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– Using Costing as a Tool for Advancing Palliative Care in Romania Daniela Mosoiu, MD, PhD Malina Dumitrescu Hospice Casa Sperantei,

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Presentation on theme: "– Using Costing as a Tool for Advancing Palliative Care in Romania Daniela Mosoiu, MD, PhD Malina Dumitrescu Hospice Casa Sperantei,"— Presentation transcript:

1 – Using Costing as a Tool for Advancing Palliative Care in Romania Daniela Mosoiu, MD, PhD Malina Dumitrescu Hospice Casa Sperantei, Brasov, Romania

2 – Situation Analysis Understanding the model of the Health Care System History and achievements of palliative care in Romania Needs vs. achievements Funding mechanism for palliative care

3 Brief review of PC in Romania Romanian Health care system – Bismarck model  Tax collection (employee + employer)  Population served: insured, special categories, emergencies  Service packages provided  Providers contracted  Annual review of “Frame Contract” and its regulations  Joint roles: Ministry of Health, House of Health Insurances, College of Physicians –

4 – History of palliative care in Romania 1990’s – landmark in PC development in RO 1992 – Hospice Casa Sperantei founded in Brasov 1997 – Palliative Care Education Centre in Brasov 1998 – National Palliative Care Organization 1999 – P.C. subspecialty acknowledged 2001 – Oral morphine available for pain control 2002 – First Inpatient Hospice unit opened in Brasov 2003 – Hospice Casa Sperantei = Beacon of excellence 2005 - 2007 – Opioids Law and Norms passed

5 – 2005 – P.C. commission set up in the Min.of Health (MoH) 2005 – Hospice Casa Sperantei = coordinator of the P.C. education as subspecialty in Romania 2005 – P.C. in inpatient units introduced in the Frame- Contract of the House of Health Insurances (HoHI) 2007 – First public reimbursement of the HoHI for P.C. admissions in Inpatient Units 2007-2008 public awareness campaign and national survey 2007 – First inpatient unit in public hospital History of palliative care in Romania

6 – 2007 – National Coalition of P.C. providers 2008 – Partnership between MoH, Hospice and the National Coalition of Cancer Patients Association 2008 – start of Health Budget Monitoring costing project 2010 – Home-based Palliative Care services acknowledged 2009 – curricula for nurses in basic training 2010 – first Master program in PC (Brasov Medical Faculty) 2011 – 5 medical faculties in Romania introduce palliative care in the basic studies curricula History of palliative care in Romania

7 PC need in Romania Estimated need for PC: about 170,000 persons/year  In 2009: 31 PC providers → 46 services: –21 inpatient units –15 home-based units –3 day centres4003 persons –4 outpatient clincisreceived PC –3 hospital teams –

8 – Models of care Home care: NGO sector 15 In patient units: Public sector: 8 Acute hospital wards: 7 Chronic hospitals: 1 NGO: 10 Private sector: 3 Out patient clinics: 2 Day centers: 3 Mobile Hospital teams:3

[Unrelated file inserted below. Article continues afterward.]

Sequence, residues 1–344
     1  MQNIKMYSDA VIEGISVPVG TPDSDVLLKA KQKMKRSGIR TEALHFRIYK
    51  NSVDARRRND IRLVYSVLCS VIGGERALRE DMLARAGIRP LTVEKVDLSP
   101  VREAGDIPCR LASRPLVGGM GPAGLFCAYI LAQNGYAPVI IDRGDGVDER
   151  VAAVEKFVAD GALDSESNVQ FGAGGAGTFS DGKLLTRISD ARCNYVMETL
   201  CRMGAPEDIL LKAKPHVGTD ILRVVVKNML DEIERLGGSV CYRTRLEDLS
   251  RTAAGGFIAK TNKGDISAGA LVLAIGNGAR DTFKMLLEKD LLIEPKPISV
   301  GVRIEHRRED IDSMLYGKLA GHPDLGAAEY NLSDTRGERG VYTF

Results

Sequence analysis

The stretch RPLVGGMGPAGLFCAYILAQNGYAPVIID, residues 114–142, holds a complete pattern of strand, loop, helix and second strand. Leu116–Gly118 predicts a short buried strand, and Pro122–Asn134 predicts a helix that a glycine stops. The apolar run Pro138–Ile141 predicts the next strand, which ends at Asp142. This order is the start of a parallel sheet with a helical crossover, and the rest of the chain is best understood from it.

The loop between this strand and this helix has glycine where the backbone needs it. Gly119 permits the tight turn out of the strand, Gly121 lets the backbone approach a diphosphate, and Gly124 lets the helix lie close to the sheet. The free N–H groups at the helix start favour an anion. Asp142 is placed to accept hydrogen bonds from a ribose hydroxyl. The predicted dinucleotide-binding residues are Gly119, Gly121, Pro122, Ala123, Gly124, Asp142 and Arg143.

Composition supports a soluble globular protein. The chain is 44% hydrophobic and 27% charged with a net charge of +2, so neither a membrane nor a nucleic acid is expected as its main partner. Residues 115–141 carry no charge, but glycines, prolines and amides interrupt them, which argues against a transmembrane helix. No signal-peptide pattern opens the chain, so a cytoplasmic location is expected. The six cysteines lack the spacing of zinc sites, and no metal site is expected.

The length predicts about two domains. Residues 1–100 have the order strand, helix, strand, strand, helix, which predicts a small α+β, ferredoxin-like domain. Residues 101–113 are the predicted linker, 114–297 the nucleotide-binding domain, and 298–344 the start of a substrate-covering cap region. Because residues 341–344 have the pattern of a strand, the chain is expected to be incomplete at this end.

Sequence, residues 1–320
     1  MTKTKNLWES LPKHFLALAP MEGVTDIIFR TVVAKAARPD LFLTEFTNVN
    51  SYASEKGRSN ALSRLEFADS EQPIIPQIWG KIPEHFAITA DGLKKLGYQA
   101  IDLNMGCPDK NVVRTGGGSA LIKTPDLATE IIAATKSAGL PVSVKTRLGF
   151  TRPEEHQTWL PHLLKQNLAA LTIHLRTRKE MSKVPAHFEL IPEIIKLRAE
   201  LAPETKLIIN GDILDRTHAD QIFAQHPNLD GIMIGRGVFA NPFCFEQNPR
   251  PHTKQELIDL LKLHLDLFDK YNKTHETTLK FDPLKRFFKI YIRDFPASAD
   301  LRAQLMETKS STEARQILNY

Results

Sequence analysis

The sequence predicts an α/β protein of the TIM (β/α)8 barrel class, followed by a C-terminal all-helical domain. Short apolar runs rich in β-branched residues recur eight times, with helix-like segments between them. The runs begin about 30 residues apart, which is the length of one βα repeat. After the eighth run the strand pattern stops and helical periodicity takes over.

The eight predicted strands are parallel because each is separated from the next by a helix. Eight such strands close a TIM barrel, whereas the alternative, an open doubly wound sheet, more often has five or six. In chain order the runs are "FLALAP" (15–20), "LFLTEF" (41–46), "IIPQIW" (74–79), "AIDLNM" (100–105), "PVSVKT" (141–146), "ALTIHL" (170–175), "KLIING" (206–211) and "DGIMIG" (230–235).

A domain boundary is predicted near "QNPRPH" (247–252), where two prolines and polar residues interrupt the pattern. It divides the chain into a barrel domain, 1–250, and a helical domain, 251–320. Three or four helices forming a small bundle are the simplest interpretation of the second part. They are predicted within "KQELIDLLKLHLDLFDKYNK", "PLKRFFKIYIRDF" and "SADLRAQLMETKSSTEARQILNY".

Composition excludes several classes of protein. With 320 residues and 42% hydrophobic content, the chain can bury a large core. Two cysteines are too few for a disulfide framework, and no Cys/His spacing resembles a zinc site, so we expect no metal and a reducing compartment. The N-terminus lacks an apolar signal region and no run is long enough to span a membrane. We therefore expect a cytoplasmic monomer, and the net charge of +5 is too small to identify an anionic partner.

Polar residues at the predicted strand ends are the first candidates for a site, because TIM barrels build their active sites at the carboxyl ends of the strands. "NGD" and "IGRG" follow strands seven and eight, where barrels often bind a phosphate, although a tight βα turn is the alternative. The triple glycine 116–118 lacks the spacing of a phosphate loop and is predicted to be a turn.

9 PC need and services –

10 – Financing Sources for Palliative Care in Romania Ministry of Finances Community External Sources Ministry of Health Ministry of Labour Min. of Public Admin. Health Insurance Inpatient Unit Home care Mobile Hospital Team Outpatient Clinic Private services Public services Day centre

11 – Why Hospice Casa Sperantei ? Reference center for country and region Previous impact at policy level – Partnership with MoH – Success in triggering the new law of opioids National coordination role in other arias (education program for PC competence, coalition or PC provioders, awareness campaign) National sustainable development strategy for 60% PC needs coverage by 2020

12 – Aim of costing project To facilitate the inclusion of palliative care services in the public funding scheme, by providing research-based cost data

13 – Method Surveys on allocation/expenditure and cost/patient Ministry of Health District Insurance Houses Health Boards Palliative care providers Minimum standards and unit cost Palliative care homebased services Palliative Care Inpatient units Costing frameworks Palliative care homebased services Palliative Care Inpatient units Dissemination of result at policy maker level

14 – Survey of authorities (FOIA Law 544/2001) Allocation/Expenditure 2008 on PC List of authorized providers PC providers 2008 Nr palliative care beds Nr patients admitted 2008 Average cost/patient Staff Drugs & medical supplies Food and hotel Administrative & Others

15 – Survey of providers

16 – Results discrepancy of data from differ. authorities confusion general home care and PC Database with providersNo identifiable budget line at MoHSources of funding range from 90-410/bed/day Allocation/bed/day /patient/day (some districts) /patient/admission (most districts) Expenditure Expenditure for public PC providers not traceable just for private providers Structure of cost